YES! wells up deep from within me.  Yes, I want more of God’s presence, thoughts, and words.  Yes, I want the solace of Him being near.  He is nearby—all around and within those who know Jesus.  And, in Him, I find everything I thirst for, everything I need. When I forsake my worn out, empty, sour cisterns and open my mouth, I find anew that He is enough.  He is plenty.  He is sufficient.  He is abundant. And, as a result of allowing Him to fill me, I am most myself, most joyful, most satiated. 

Honestly?  Even though He is what we absolutely and ultimately need, sometimes it doesn’t feel as satisfying or even desirable in the moment of crisis.  So I find that when I’m most needy, I have a crucial choice to make.

A recent example:

​While I was working on this post, I experienced a disappointment.  I received a phone call that was a refusal of my services.  The person on the phone was polite and kind; and though I knew that the rejection was not personal, it felt that way.  It was a minor situation on a simple Tuesday morning, but suddenly I had a major emotional crisis churning within me. Instantly, I was dehydrated, choking on desert dust, staggering in fear, and searching for significance. 

I felt ‘less than’.  Insecurity flooded me.  Shame shouted her oft-repeated lies, “See.  You don’t have value.  No one cares what you know about God. No one wants to attend an event where you speak. No one really wants to read what you write.  You should just quietly go on your way.” 

I desired and needed comfort, reassurance, and encouragement.

Here's what I really wanted to do:

​Rush to the cupboard where I keep chocolate. 

Close the computer and take a long winter’s nap. 

Pop onto Facebook where I’m known and appreciated and where I can waste hours in what seems like minutes.

Turn on a movie channel and hide in a happily-ever-after.  

Slug back enough sodas that I’d awaken with a sugar-induced hangover tomorrow. 

Start a new project from my perpetual to-do list so that, in my busyness, I could run away and still feel productive. 

These are my empty wells, the activities whose paths are familiar and well-rutted.  Sipping from them occasionally is an okay, even enjoyable, thing when I seek relaxation.  But, when I am thirsty and desperate, they are poisonous places. 

Intoxicating, soothing, but toxic, idolatrous danger zones.

Here's what I did instead:

​I sat with the feelings before the Lord.  I cried out to Him.  Plaintively. Honestly. The lies I was feeling. The insignificance I was fearing.  I asked Him to press in with peace and perspective.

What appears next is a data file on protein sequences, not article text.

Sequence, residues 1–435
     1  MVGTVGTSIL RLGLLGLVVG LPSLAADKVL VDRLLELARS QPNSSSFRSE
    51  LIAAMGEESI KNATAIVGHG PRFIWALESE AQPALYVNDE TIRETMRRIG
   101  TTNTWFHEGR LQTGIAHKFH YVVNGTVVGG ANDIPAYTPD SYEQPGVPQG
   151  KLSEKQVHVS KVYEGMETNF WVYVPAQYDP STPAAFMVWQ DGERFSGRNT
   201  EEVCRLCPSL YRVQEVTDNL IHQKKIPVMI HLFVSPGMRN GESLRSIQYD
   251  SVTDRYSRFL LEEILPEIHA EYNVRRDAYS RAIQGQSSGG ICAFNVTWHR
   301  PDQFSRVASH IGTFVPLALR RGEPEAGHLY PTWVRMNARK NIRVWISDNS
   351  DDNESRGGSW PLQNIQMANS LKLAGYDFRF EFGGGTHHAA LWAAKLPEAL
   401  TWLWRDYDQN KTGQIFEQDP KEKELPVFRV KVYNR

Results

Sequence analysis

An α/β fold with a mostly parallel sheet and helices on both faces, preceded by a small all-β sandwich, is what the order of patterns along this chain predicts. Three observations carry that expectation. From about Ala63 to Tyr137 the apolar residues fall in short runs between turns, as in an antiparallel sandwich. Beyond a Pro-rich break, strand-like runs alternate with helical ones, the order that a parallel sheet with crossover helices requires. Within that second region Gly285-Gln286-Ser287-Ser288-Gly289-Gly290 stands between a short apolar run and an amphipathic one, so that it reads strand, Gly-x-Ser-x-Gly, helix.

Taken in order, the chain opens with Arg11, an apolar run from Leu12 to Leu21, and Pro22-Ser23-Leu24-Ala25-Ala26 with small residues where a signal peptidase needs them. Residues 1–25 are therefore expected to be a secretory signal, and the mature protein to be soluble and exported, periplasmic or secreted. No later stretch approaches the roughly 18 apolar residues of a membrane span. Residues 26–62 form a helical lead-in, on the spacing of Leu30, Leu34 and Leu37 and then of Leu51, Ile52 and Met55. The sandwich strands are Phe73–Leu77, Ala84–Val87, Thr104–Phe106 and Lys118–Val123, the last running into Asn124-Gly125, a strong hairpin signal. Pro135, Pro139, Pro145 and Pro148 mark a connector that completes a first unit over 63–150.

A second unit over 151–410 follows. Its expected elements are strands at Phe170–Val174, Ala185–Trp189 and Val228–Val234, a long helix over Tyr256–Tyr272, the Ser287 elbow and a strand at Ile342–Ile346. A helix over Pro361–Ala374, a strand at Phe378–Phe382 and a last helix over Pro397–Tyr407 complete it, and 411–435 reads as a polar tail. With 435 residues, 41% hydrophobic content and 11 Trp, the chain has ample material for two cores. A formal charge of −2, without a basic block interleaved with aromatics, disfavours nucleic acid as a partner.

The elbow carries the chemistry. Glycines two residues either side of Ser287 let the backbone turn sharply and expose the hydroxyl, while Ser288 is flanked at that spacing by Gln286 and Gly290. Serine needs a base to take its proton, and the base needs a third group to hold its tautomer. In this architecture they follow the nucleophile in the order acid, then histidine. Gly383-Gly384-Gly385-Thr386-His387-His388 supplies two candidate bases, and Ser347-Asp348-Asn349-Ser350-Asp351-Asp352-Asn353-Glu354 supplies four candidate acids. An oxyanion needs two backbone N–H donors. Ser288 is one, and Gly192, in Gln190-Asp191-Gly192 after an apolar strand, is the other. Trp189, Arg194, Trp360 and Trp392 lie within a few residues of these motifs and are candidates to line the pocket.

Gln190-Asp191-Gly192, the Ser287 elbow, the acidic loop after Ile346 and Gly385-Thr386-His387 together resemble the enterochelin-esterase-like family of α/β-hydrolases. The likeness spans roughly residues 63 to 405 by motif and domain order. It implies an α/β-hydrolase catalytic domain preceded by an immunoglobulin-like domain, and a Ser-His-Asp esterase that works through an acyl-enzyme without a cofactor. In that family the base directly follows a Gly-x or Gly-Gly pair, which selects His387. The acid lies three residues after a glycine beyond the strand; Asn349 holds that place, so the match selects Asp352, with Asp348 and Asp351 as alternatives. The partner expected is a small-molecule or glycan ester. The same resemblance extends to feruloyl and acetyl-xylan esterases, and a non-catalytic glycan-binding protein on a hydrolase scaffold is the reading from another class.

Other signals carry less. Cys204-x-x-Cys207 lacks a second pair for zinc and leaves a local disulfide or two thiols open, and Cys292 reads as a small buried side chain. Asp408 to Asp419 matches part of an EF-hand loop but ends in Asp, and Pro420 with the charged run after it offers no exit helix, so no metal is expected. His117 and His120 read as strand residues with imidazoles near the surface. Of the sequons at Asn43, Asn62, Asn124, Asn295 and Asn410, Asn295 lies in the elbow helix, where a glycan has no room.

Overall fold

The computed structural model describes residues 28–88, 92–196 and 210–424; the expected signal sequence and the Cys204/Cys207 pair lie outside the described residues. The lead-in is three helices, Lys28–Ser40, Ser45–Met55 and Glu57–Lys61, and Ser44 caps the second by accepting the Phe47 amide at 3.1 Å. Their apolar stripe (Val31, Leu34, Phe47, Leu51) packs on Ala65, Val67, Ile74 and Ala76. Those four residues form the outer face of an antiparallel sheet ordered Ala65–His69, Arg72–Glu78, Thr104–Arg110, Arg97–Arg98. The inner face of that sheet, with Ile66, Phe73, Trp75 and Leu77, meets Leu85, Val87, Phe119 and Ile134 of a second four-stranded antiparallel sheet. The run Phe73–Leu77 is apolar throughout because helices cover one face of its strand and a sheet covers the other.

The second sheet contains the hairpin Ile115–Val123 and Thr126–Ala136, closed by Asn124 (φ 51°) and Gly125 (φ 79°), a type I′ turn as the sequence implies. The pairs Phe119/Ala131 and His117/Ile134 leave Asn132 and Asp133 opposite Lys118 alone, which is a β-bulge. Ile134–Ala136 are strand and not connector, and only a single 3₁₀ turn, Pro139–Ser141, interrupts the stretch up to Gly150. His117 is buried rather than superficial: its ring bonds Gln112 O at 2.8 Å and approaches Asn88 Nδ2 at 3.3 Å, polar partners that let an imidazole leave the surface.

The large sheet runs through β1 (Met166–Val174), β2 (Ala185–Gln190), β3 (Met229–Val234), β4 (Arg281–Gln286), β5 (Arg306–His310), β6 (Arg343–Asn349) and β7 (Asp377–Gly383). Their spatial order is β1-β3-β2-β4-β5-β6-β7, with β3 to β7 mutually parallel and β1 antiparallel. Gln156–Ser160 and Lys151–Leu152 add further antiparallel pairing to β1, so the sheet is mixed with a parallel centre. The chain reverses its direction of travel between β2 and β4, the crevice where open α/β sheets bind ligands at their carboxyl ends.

The result:

​He responded to my cry.  He reminded me of His truth that I had just read hours earlier.  I don’t have to make something of my life.  He is the One who fulfills His purposes for my life. (Psalm 57: 2)  I am being faithful to what He’s wired me to do and to His voice of guidance.  He is responsible for the result.

And while I’m not splashing around in all-out Happy in this moment, I am immersed in the plentiful and precious presence of the Living God, and I am okay.

Actually, I more than okay.  I’m content and satisfied.  With Him at my side, I’m still plugging away in my calling to communicate His grace, love, and truth.  Partaking of His comfort and presence.  Soaking in His Word, and sensing His pleasure that I came to Him in my need.

Christ Jesus is quenching my thirst.  Today.  Now.  In my disappointments. In my fears.  In my doubts.  In my simple days and burgeoning hopes.  He is enough. 

What about you?

​Have you tried to tranquilize yourself against your pain?  Most likely, you’ve frequented your own broken, empty, bitter wells.  Perhaps, like me, you’ve tried to find fulfillment in perfectionism, people-pleasing, busyness, addictions, or mindless activity.  Or perhaps your cisterns are dug in the soil of isolation, bitterness, apathy, unforgiveness, pornography, explosive anger, worry, or relationships. 

Maybe your particular wells are not even mentioned here.  Can you name them?  Before we can abandon them, it’s important that we first begin to recognize them.

It’s not enough to know that we’re thirsty.  We also need to become aware of our symptoms and the triggers that activate them.  My warning signs include: sudden spikes in strong emotion or numbed emotion accompanied by prolonged mindless activities. Yours may be different.  We need to pay attention. And then we need to take action.

Let's heed caution:

​Dehydration is a serious matter.  If we ignore our legitimate thirsts for too long, we may end up desperately diving into scum-covered ponds in which we never, ever intended or wanted to find ourselves. 

Destructive, addictive habits.  Unhealthy relationships that do not honor God. Unfulfilling, disappointing days, months, or decades.  A mire of hopelessness.  Death can result. 

So, before we take another soured sip from splintered cisterns, let’s REPENT and RETURN to God, the Source of our everything. 

If you are willing, please join me this month in asking Him to quench our thirst.  He longs to do so.

Let's Pray:

​Heavenly Father,

We have hurt you, and we have hurt ourselves in our pursuit to satisfy our hearts’ longings.  We have forsaken you.  Please forgive us.

We don’t want to merely admit our wrongdoing, our wrong thinking.  We don’t want to repeat this disastrous pattern.  We want to repent and return to You.  We declare that nothing and no one on this earth can satisfy us.  Only You, God, only You. 

In the days ahead, please reveal the broken, poisonous wells which we’re accustomed to seeking.  It’s taken a long time to dig them; may we not give up when victory isn’t instantaneous.  Give us the strength and determination to abandon them—no matter how long or how many attempts it takes to reject them and to turn to You.